It’s been tough visiting restaurants this year, with the waves of the pandemic ebbing and flowing as the months go by. Back in September, when Hong Kong’s third wave finally started to die down again, we had the opportunity to venture out on one of our first restaurants dates in a long time. Our friend Chef Agustin Balbi, who previously headed up Haku in Harbour City, had recently opened Ando Hong Kong under the JIA Group, the same group that oversees 22 Ships, Duddel’s, and Chachawan.
Chef Agustin Balbi is from Argentina but his roots are Italian and Spain. His childhood food memories lean towards Spanish food because his Spanish grandmother raised him while he was young. He has also embraced Japanese culture. Balbi spent five years living and working in Japan (at fine establishments like Nihonryori Ryugin!). He speaks fluent Japanese and is married to a Japanese woman.
We were excited to see how Chef Balbi, now with complete free reign, would express his Italian and Spanish roots in conjunction with his Japanese training.
Ando Hong Kong – Our Meal
The dinner menu includes two different tasting menus, a six-course Presentation for HKD1288 (HKD1088 for the wine pairing) and Experience for HKD1688 (HKD1288 for the pairing).
Since it was our first time, we decided to get the Experience to fully “experience” Chef Balbi’s new creations.
Amuse Bouche and Appetizers
“Que Raro Este Fan” literally means “what’s wrong with this flan” in Spanish. This dish is a Japanese steamed egg custard, or chawanmushi, with flower crab, shimenji, chives, abalone gelee, celery, black seaweed salt, and sansho pepper leaf.
The abalone had a clean flavor and the celery notes were strong. The rich, unctuous abalone gelee balanced nicely with the paired sherry.
Our next course was an A4 wagyu beef tartare with white kombu, yuzu kosho, chives, and garlic. This was an extra course, not part of the regular Experience tasting menu.
The next course, Departure, included five raw seafood selections that varied day to day. They came artfully presented in a series of interlocking hexagons.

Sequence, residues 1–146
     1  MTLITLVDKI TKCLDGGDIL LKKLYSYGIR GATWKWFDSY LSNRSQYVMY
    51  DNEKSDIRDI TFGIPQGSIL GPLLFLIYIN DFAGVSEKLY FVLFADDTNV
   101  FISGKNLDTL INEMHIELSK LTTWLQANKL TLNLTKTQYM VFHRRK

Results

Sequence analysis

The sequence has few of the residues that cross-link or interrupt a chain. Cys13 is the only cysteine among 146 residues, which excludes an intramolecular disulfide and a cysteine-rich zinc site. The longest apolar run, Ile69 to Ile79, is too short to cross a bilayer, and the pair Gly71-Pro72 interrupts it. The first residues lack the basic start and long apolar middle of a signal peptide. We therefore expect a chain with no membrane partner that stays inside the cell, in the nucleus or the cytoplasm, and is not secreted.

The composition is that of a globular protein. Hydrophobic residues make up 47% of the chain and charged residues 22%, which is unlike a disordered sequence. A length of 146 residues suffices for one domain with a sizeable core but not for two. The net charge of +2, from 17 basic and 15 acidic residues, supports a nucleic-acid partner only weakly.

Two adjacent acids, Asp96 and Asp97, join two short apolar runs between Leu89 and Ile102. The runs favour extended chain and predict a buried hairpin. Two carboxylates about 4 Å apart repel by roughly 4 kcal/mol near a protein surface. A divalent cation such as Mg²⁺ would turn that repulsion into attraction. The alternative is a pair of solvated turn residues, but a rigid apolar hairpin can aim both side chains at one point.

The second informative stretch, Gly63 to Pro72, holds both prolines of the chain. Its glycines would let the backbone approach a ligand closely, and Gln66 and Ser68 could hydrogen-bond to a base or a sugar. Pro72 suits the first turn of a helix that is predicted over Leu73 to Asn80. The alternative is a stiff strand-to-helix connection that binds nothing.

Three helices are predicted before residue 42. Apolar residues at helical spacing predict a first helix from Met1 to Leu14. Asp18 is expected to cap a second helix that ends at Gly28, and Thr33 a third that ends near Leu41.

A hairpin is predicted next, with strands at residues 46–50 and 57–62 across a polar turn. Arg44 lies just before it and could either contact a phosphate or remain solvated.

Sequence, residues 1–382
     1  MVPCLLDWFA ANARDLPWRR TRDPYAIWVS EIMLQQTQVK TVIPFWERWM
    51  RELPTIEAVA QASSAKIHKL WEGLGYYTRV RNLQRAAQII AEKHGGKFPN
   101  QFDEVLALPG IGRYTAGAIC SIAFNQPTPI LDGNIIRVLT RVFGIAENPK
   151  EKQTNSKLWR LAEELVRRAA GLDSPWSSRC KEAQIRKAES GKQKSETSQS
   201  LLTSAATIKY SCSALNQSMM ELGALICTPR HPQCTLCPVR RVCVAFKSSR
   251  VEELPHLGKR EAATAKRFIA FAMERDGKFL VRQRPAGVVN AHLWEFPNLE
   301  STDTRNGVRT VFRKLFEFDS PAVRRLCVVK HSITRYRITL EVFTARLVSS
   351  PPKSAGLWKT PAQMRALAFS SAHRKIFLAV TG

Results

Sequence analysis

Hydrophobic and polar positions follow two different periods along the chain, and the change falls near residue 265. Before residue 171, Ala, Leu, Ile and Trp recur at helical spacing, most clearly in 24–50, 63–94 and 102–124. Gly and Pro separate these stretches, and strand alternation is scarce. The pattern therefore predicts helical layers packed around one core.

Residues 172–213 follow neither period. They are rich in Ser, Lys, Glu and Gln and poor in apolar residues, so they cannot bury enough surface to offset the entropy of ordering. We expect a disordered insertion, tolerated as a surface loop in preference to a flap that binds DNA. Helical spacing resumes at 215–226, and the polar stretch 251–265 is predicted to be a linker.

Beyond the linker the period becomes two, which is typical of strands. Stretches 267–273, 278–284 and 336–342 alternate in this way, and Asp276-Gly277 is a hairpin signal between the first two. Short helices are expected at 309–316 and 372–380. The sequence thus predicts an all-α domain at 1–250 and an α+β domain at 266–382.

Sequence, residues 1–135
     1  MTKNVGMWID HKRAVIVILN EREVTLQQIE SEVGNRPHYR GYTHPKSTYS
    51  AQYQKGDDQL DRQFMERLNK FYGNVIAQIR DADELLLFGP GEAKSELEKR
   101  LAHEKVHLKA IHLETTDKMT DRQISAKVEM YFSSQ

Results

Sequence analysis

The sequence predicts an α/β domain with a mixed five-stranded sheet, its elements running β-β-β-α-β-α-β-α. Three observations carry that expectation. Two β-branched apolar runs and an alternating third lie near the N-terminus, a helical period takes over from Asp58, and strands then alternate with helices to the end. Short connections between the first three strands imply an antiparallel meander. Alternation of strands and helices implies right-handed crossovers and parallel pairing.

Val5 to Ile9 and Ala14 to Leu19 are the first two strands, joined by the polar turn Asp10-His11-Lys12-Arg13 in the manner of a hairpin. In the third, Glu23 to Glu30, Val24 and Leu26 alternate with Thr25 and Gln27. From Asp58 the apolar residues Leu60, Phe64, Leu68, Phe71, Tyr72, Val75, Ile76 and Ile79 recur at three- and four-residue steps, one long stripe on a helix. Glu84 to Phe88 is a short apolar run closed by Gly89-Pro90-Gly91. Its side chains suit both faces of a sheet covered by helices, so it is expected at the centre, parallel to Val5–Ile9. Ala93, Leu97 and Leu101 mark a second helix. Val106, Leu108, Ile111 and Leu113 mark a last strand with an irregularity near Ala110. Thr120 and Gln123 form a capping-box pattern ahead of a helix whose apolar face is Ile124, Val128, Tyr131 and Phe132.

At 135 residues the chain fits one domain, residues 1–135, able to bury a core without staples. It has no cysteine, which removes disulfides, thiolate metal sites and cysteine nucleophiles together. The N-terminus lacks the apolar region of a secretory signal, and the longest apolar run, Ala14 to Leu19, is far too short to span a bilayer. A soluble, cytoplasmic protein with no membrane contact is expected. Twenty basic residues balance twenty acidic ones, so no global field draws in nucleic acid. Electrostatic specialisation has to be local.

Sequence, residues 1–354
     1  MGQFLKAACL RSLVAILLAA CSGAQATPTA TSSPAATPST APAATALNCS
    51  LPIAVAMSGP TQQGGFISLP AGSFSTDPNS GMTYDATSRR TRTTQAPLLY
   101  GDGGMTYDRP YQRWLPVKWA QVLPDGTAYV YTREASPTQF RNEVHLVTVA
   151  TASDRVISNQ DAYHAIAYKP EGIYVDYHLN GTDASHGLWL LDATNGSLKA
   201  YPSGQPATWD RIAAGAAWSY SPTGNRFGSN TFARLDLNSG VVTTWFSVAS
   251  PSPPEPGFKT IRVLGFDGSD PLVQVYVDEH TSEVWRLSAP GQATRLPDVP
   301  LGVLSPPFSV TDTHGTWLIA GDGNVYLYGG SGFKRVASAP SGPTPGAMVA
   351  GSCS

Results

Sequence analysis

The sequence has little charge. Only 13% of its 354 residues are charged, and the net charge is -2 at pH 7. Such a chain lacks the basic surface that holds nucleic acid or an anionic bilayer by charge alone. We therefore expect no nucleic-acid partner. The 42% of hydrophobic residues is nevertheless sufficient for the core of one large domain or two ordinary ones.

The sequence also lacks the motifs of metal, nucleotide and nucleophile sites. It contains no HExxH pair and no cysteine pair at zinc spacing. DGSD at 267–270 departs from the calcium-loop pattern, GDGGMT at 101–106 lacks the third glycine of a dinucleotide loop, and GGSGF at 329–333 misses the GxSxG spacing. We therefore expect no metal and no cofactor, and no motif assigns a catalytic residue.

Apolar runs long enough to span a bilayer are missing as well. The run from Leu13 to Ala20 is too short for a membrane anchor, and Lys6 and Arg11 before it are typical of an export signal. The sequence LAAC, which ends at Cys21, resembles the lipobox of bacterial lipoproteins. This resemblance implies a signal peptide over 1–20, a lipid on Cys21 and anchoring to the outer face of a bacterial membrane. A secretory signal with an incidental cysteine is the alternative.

We each got to choose which beautiful hand-crafted chopsticks we wanted to use.
We traveled the world as we tasted these bites, from left to right:
1. Italy: white fish, caviar, and olive oil
2. Spain: raw shrimp served in a boldly flavored shrimp head sauce
3. Japan: hamachi (yellowtail), koji, and sansho pepper leaf
4. Japan: scallop (hotate) + served in a ponzu sauce plus a lily bulb
5. Japan: Akami (tuna) plus yuzu kosho took us back to Japan.
We enjoyed riesling paired with the shellfish dishes and a sake with the fish dishes.
I love bread, and the seaweed umami bread was fantastic. We enjoyed it with both Hokkaido miso butter and a Valencia special olive oil “El Poaig”.
One of my favorites dishes was this brilliant almond white garlic soup “A LO DE ÑECA” which literally means to ÑECA’S house. This beautiful almond soup incorporates shrimp, toasted almonds, prawn oil, kombu (seaweed), razor clams, and sea grapes.
The traditional version of this dish uses sardines, but Chef Balbi modified the dish to suit Hong Kong palates since Hong Kongers would find the sardines too fishy.
We enjoyed this paired with an Italian wine with smoky ash notes.
Our next pairing involved and unusual orange wine that was fruity and aromatic but also dry. I could taste an orange peel bitterness that seemed almost herbaceous and “medicinal” (sort of like bitters).